Visiting the Vet: Dogs Under Stress
Does your dog know that you will go for for a check-up at the vet before you have even brought out their travel kennel? A recent study has found that some dogs experience stress when visiting the veterinarian. Their stress in such situations can make it difficult to keep your dog healthy when they do not feel well, need shots, or are visiting for a check-up. It is important to bring your dog to the veterinarian regularly. Depending on their age, you may need to bring them to the clinic more often. Training your dog to associate a trip to the vet as positive is important to prevent emotional stress or aggressiveness in your dog.
How Often Should You Bring Your Dog to the Vet
You should bring your dog to the vet regularly, and how often will depend directly on their age.
Birth to One Year: Every month for the first four months and the sixth month
Puppies must be brought in for vaccines every three to four weeks until they are 16 weeks old. This prevents them from getting rabies, influenza and other diseases when they interact with other dogs and the environment. At sixth months, your puppy should visit the vet to be spayed or neutered.
One to Ten Years: Annually
Most dogs are recommended to visit the vet annually for a full body physical. During this period, your dog may need blood tests to make sure they don’t have heartworms. Lastly, your dog may need more vaccines to prevent illnesses (especially if they are outdoor dogs).
Senior Years (10+ Years): Bi-annually
During your dog’s senior years, they should be brought into the vet clinic twice a year to make sure their physical exams return positive results. Blood and urine tests may be needed to keep your dog’s kidney and liver healthy. During this period, any changes in your pet’s behavior should be shared with your vet to prevent any new problems from arising.
A recent study identified that some dogs feel stressed when visiting the veterinarian. Keeping your dog calm and relaxed can make your regular vet visits more enjoyable for you both.
Signs of Stress in Dogs
Your dog has many ways to express that they are stressed.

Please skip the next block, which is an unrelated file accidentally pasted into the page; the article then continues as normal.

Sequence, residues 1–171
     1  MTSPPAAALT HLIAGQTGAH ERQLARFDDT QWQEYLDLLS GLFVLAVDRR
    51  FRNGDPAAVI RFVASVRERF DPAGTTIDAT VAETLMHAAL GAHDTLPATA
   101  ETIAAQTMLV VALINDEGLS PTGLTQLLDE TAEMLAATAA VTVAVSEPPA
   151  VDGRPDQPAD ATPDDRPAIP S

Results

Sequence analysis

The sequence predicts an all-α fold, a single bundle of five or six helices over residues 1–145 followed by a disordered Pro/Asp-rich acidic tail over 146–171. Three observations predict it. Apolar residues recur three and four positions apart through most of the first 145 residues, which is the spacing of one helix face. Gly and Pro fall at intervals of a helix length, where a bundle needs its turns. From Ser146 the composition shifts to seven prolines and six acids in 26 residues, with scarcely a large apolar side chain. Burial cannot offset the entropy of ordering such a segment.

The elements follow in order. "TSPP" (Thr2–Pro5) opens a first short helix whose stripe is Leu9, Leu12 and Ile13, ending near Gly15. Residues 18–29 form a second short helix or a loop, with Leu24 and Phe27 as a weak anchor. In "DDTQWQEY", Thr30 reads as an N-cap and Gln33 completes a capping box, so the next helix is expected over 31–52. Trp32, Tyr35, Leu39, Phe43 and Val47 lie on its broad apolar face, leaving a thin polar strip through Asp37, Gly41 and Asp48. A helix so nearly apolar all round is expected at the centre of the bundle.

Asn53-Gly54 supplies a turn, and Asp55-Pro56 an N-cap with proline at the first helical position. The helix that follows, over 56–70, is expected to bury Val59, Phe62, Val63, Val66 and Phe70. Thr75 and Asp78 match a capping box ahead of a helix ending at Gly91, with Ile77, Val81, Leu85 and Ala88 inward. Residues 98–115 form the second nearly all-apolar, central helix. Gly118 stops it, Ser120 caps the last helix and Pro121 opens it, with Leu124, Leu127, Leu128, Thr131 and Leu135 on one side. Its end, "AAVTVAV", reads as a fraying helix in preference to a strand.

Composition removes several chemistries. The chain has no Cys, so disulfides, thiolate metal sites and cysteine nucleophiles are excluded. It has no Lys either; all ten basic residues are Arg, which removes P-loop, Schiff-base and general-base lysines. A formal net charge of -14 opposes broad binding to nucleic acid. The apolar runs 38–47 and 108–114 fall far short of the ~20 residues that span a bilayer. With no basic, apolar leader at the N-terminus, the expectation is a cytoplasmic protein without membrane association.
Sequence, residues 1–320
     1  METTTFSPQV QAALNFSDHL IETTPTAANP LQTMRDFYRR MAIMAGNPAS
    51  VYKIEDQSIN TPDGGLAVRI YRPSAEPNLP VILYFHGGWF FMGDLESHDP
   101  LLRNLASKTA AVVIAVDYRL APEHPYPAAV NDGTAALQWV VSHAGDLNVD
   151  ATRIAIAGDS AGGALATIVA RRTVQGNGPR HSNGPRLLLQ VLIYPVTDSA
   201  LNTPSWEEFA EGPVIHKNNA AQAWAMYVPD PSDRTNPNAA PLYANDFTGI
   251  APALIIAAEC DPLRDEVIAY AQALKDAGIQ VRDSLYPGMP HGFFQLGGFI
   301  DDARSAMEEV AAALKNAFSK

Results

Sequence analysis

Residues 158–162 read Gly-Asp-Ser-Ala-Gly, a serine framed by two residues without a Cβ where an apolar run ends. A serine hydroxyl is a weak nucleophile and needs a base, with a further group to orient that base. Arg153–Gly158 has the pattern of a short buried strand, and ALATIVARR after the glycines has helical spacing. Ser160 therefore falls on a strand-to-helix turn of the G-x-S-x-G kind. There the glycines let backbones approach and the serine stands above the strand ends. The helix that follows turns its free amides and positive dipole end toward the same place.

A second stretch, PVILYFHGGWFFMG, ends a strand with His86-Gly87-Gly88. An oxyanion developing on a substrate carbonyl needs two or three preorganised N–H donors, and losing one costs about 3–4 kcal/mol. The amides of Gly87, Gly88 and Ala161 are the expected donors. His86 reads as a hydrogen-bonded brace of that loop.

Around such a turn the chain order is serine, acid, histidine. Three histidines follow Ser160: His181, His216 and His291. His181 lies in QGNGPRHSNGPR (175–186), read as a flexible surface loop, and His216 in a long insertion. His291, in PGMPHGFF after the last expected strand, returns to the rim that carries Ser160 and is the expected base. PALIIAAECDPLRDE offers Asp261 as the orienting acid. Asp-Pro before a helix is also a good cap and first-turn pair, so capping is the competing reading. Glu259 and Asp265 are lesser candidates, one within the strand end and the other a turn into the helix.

Signs of Stress – Eyes
Dogs express that they are stressed through their eyes. When your dog is uneasy, the whites of their eyes may be more pronounced. You also may notice that they intensely stare or excessively scan the environment for threats. If your dog is normally sociable, but seems to avoid eye contact or turn away from people and other canines, he may be stressed. Excessive blinking, or the lack thereof, may also signal a stressed dog.
Signs of Stress – Ears
Your dog’s ears will also signal their level of stress. For example, their ears may become more erect if they are under stress. Alternatively, your dog’s ears may move back and lie closely along their head. Floppy eared dogs will rotate their ears back in a similar way.
Signs of Stress – Mouth
Your dog’s mouth will be another visible sign of your dog’s stress levels. For example, your dog’s mouth may close tightly or turn into a tense grimace in times of stress. A tense grimace may signal that your dog intends to growl, snap, or bite. Lastly, your dog’s whiskers will most likely be more erect when they are feeling anxious.
Signs of Stress – Behavior
Your dog’s body language will also change when they are under stress. They may bark, whimper, whine or growl to express distress. They may also lift a paw or shift their weight away from what is scaring them. Similarly, they may shrink or cower their body to feel more protected. Lastly, their activity levels may escalate, become defensive, or decline to a frozen-like state.
Stress at the Vet
A recent study suggested that a dog’s level of comfort at the vet is dependent on a variety of factors including the environment, their bond with the vet, and the dog’s personality. The study explored the stress experienced by dogs when visiting the vet. They tested how comfortable dogs felt about eating a treat, playing, and socializing both inside and outside of the clinic.
Dogs Are More Stressed at the Vet
The study found that dogs stressed at the vet enjoyed treats and playing outside of the clinic more than inside the clinic. Many owners notice this trend when they bring their dogs to the clinic. The study also found that dogs with behavioral problems reported by their owner, experienced more stress as compared to those that did not. Despite our assumption, dogs were found to be calmer around those they were less emotionally close to or less concerned about.
Training your dog to correlate the vet with a positive experience will help reduce their stress and make keeping your dog healthy easier. By keeping your dog calm, vet’s may more easily treat your dog in the case of an emergency.
Reducing Stress in Your Dog
Short-Term Stress Tips
There are many ways to reduce stress in your dog. For short-term stress related to a new visitor or a trip to the vet, try the following ideas:
- Give your dog one of the following calming herbs:
- Wood Betony
- Passionflower Leaf
- Oat Seed
- Give your dog calming aromatherapy
- Take your dog on fun car rides
- Choose a vet that connects with your dog
- Offer your dog a treat
- Practice at home
- Remain calm yourself
Long Term Stress Tips
If your dog appears to be stressed for a longer duration, try incorporating these ideas and/or consulting with your vet.
- Play and exercise regularly
- Offer your dog high quality, homemade dog food
- Create a safe, calm, and quiet space for your dog to rest
- Maintain a balanced routine
- Play calming music
- Pet your dog and sit next to them
The next time you must head to the vet, try these stress reducing tips to make keeping your dog healthy more enjoyable and easy.
Do you have any special tips for keeping your dog calm? Share them with us below!